14.56 August and early Sept 02 there was further work. that was when new intel was coming in that had significant impact on judgements. Became firmer. 9 Sept 02 assessment had assessments on options but also capability. Re-affirmed earlier judgements but change was on current possession. Referred to recent intel on production of agent. Development of mobile facilities. Also Saddam’s intent. (quotes from paper, much of which is published in Butler). Noted that did not know about plans for use, size of stocks etc. Discussed in detail on 4 September. Noted that this needed to be brought to attention of ministers. Assessments staff were instructed to firm up judgements on possession. Also note that new intel may come in, which it did, mid Sept. That assessment stayed in place as confirmed view of JIC in months that followed. Didn’t change. Not challenged.
14.53 To what extent was intel on Iraq’s wmd static or evolving? Scarlett says he can’t say too much about this. Too good a question!!! Starting point was JIC assessment May 2001. Not possible to make nuclear weapon while sanctions remained in place. (but heightened concern re procurement) thought to have some stocks of chemical weapons and agents. Clear evidence of continuing biological warfare capability. intel re mobile, concern re quick production. Missiles seen as important. Background was Iraq’s proven ability to weaponise CW. May 2001 intel described as patchy, except for missiles?
14.48 How much use was made of non-intelligence sources? That was certainly taken into account. Does that include tapping into academic expertise, people who were able to visit Iraq? Yes, in theory, cannot give example. Opposition side of it had to be and was handled with care. Awareness of fragility of country was very high. Treated opposition/exile sources with care.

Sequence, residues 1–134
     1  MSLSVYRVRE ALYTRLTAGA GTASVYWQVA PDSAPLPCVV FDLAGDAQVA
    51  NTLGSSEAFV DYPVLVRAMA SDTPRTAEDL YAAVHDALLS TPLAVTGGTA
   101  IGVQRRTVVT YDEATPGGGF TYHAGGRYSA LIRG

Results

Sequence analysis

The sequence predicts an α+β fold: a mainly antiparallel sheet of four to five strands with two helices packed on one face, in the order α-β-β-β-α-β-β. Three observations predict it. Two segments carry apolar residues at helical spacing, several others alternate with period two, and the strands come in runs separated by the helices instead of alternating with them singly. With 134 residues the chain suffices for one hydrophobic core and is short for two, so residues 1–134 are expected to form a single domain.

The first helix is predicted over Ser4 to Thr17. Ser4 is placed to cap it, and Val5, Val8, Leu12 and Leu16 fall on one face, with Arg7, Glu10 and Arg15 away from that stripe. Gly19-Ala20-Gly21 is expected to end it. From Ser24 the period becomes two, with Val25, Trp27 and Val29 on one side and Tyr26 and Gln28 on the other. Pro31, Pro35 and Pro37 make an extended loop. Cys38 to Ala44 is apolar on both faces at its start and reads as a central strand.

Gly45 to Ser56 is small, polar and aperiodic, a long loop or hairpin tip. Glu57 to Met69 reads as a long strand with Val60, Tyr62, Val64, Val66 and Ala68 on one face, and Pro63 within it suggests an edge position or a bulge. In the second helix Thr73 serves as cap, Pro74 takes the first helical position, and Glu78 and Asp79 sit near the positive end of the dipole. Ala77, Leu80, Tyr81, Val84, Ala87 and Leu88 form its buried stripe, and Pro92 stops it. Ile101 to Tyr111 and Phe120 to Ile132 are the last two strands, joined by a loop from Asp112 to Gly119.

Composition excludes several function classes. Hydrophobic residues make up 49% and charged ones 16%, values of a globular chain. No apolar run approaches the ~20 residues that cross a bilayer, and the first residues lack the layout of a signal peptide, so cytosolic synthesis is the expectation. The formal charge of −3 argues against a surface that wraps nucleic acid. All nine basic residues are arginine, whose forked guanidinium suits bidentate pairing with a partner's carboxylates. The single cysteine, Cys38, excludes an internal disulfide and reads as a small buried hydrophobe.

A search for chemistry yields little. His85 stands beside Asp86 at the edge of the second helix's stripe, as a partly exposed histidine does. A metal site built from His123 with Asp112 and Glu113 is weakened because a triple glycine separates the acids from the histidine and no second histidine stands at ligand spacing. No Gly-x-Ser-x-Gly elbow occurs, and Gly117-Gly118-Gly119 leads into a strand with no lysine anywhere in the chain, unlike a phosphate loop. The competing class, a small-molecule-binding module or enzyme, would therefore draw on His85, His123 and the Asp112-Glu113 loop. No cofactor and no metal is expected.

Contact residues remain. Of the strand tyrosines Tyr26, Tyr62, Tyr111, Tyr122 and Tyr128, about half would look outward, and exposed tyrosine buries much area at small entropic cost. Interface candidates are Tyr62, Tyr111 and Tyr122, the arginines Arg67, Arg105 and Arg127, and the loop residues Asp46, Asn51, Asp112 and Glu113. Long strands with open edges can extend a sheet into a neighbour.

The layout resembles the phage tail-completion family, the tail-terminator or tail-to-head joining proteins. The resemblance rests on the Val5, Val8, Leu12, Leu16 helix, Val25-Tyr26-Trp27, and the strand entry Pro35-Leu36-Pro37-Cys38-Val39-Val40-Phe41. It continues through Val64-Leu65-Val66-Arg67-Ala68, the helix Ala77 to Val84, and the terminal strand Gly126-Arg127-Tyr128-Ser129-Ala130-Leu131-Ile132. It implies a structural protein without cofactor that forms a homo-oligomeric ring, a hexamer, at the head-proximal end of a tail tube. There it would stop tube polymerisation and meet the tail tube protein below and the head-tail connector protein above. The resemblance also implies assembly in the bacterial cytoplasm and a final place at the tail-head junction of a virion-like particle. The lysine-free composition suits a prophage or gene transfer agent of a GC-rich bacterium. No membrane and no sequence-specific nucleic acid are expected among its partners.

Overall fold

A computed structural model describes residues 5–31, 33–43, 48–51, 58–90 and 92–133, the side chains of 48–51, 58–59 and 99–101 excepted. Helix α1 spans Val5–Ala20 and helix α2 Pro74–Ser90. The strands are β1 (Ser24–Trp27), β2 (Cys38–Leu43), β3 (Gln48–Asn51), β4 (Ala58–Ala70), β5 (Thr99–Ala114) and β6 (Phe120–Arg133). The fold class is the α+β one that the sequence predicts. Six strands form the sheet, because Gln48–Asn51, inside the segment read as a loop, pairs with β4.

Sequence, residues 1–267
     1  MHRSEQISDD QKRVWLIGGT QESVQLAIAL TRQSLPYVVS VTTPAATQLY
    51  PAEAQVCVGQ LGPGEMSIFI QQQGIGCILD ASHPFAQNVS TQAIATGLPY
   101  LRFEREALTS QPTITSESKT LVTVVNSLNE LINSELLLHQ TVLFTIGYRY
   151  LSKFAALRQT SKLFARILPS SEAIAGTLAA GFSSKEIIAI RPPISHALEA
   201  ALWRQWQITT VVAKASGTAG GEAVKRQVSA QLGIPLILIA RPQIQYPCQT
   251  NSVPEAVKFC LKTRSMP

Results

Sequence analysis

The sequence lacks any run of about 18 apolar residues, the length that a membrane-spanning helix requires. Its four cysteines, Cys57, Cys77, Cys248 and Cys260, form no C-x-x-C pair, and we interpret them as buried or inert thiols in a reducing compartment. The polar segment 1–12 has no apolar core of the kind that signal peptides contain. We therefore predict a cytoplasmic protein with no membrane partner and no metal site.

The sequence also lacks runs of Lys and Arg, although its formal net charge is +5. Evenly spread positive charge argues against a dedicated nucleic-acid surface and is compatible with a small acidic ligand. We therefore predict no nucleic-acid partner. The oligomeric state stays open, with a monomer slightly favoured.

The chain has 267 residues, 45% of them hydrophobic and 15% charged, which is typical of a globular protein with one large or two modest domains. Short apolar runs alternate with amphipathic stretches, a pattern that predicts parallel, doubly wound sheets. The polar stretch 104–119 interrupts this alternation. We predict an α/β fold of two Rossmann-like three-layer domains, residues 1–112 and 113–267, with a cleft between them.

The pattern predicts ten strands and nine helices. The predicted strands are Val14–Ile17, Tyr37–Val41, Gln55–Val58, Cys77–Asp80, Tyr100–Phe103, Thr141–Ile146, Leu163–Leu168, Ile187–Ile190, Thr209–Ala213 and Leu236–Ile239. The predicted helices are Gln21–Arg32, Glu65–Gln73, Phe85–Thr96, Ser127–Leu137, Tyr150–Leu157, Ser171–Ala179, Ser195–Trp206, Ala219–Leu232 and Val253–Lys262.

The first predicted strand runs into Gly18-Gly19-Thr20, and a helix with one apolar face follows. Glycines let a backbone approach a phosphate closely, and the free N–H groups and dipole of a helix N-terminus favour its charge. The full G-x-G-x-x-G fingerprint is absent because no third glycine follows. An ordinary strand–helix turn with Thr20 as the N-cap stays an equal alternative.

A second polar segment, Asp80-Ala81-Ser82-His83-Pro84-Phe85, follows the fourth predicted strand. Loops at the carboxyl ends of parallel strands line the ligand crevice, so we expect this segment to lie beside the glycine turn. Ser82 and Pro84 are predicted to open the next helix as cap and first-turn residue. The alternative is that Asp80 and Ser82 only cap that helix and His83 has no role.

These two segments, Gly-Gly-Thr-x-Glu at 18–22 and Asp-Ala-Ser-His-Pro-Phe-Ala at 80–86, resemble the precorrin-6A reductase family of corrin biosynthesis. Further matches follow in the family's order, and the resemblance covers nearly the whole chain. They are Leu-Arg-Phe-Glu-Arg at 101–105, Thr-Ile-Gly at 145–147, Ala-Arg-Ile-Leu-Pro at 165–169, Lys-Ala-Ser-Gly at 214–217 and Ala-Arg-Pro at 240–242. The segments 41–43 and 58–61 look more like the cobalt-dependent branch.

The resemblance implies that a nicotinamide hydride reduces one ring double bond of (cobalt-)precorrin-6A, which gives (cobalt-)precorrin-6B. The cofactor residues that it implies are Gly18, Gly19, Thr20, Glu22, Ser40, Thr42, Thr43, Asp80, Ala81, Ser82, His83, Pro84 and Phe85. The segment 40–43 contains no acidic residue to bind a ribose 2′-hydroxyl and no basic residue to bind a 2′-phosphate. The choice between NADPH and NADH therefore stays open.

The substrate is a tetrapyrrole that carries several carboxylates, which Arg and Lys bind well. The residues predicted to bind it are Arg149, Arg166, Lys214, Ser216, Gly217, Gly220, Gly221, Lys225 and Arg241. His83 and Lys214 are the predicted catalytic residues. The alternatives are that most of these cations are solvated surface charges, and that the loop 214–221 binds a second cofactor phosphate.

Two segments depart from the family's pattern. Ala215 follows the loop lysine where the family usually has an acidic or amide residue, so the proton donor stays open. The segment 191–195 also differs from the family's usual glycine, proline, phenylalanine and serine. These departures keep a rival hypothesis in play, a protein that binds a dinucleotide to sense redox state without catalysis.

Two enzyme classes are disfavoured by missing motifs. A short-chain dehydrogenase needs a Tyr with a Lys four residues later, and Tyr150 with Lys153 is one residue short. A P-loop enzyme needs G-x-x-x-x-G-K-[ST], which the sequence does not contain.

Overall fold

14.47 Lyne: was it as difficult to get intel on political, military society as about wmd? If we had put more effort in, would we be able to get more? I wouldn’t say so. We did have intel on those issues. Iraq Survey Group shows that some of those insights were not far off reality. Structure of regime leads to uncertainty.
14.44 How exceptionally difficult was Iraq? It was difficult. All totalitarian states are difficult to get access to. Strong security agencies. Climate of intimidation and fear. Shortage of contextual information. Also in 1990s we were reliant on UN inspectors. When they left, this source went.
Also there were a large number of high priority targets re Iraq. Dual use is also a problem re wmd.
14.40 Is it an advantage to have experienced ministers at times of crisis? Experience is always an advantage but is not enough. What if there are unexperienced ministers? Gets more tricky.
14.39 Is that as good a system as one could devise? Not able to give a view on whether there should be formal training for PMs. Is not in UK and has never been a system of daily intel briefing.